The database stance

Early into my career, I worked as an apprentice with Ryan Leslie. He saw social media algorithms shrink organic reach, he observed how every tour he went on required a press run, and he decided there was a better way. In marketing, these practices are known as renting an audience.

He resolved to build direct connections with his fans by selling his next album through text messages, and he would manage them through a CRM app he developed, Superphone. This is known as owning an audience, though I think that framing is limited in its possibilities.

This is just as much a stance as it is an infrastructure. Imagine if you made that a practice in your life—to add your acquaintances via the social media of your industry (e.g., Instagram for design, LinkedIn for marketing, Twitter/X for tech, etc.)—and then nurture relationships there until it feels normal for you to ask someone for their phone number.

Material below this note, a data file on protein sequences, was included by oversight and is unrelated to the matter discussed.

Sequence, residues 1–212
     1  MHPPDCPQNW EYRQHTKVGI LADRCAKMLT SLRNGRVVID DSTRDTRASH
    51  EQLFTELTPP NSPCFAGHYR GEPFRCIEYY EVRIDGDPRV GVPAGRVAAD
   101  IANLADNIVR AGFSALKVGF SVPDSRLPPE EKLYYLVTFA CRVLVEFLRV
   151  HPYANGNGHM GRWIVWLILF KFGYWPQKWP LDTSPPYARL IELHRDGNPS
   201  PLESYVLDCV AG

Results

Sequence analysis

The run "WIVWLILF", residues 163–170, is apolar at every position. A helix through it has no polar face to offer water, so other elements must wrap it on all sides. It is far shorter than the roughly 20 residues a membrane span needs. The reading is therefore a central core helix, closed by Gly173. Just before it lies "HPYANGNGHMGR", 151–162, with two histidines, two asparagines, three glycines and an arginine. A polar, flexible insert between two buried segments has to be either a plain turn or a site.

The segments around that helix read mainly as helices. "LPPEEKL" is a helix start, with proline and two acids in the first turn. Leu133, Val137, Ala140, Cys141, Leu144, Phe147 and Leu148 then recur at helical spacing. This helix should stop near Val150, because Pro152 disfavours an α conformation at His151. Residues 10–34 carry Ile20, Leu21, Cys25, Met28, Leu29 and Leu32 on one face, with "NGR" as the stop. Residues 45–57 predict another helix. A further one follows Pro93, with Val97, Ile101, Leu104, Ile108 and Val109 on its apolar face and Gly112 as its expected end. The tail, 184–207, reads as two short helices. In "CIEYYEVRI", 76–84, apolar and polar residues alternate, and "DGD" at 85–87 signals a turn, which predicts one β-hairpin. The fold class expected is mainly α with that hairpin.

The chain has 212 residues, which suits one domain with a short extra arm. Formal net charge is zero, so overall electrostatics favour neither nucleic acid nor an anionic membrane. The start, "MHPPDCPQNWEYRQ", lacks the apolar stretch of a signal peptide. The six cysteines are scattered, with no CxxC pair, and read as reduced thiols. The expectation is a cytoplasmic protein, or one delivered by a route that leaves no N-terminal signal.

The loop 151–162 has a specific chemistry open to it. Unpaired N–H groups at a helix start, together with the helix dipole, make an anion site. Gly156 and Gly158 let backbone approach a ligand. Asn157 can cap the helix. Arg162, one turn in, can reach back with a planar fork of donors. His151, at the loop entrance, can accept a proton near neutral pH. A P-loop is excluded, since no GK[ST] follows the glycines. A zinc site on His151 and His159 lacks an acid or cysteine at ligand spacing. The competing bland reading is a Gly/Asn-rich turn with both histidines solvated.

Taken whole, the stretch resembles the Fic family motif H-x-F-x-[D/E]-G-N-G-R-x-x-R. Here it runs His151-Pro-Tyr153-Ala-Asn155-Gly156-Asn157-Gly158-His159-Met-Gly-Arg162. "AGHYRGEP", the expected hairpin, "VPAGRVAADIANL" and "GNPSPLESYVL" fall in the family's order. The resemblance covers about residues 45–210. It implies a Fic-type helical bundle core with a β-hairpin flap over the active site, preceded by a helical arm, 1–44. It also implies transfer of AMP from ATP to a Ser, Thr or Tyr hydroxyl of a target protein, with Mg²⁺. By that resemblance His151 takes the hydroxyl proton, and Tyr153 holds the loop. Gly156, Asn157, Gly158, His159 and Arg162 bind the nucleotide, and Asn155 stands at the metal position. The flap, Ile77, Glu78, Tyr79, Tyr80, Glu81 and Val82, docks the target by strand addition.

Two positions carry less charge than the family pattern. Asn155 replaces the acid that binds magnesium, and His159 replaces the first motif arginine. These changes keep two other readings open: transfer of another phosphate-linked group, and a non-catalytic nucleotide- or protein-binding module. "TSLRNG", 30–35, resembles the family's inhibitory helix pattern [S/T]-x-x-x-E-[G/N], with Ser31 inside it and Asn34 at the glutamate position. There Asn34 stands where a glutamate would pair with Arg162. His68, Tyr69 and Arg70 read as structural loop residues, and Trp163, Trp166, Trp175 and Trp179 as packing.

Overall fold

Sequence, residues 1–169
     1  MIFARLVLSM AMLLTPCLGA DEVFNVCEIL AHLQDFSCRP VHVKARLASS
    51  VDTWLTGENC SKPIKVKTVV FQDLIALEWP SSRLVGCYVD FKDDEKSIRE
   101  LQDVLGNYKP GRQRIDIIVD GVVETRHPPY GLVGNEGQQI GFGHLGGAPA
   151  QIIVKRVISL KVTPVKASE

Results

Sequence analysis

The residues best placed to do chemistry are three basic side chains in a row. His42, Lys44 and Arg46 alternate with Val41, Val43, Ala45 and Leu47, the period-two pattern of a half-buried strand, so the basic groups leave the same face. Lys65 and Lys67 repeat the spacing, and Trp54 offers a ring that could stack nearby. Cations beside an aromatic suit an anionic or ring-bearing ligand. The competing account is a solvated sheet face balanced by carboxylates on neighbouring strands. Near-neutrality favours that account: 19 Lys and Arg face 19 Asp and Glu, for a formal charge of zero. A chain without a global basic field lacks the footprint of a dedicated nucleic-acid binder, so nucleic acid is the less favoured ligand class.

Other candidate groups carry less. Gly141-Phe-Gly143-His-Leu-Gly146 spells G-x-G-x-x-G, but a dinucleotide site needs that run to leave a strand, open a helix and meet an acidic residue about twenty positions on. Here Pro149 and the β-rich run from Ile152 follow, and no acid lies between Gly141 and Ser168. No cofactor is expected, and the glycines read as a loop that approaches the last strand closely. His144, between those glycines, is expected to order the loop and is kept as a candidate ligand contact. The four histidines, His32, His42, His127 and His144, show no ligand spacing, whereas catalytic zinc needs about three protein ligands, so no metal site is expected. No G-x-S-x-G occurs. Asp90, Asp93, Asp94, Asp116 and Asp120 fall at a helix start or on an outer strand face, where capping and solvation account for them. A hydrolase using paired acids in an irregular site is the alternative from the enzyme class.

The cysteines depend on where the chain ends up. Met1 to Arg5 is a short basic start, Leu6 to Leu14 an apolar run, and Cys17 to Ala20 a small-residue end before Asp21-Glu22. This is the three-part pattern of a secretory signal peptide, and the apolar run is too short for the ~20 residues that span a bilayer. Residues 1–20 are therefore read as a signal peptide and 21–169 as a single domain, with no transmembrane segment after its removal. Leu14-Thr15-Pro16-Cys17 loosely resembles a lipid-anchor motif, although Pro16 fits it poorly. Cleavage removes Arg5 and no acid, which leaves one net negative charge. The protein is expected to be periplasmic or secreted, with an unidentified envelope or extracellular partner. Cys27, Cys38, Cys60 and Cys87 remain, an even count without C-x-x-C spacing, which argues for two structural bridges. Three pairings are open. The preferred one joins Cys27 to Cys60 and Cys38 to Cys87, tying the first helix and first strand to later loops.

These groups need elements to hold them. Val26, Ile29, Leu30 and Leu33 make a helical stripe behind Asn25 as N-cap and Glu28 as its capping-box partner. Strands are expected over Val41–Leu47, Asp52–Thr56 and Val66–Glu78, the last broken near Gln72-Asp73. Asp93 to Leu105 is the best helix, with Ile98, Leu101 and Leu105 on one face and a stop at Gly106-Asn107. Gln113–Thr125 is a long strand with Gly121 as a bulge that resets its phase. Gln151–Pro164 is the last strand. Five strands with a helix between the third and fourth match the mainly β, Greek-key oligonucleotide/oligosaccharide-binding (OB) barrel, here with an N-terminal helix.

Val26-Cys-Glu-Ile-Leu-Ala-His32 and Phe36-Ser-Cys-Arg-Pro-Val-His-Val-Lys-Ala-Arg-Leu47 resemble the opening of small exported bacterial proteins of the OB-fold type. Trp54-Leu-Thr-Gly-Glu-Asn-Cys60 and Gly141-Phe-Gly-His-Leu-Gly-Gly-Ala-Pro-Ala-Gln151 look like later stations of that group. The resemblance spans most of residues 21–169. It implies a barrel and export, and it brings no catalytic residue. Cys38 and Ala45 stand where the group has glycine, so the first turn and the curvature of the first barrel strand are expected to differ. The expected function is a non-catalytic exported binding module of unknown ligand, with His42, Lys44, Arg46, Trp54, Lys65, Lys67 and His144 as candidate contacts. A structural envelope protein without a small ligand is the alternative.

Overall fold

Or, at an event, you could hand around a clipboard for people at a next event for them to write their name, phone number, and email down.

The goal is to build a database of contacts—ideally something that can extend beyond your brain. Relationships are constrained to you, but a database is an asset—something tangible that you can use to create value for someone else, and that someone else would pay for.

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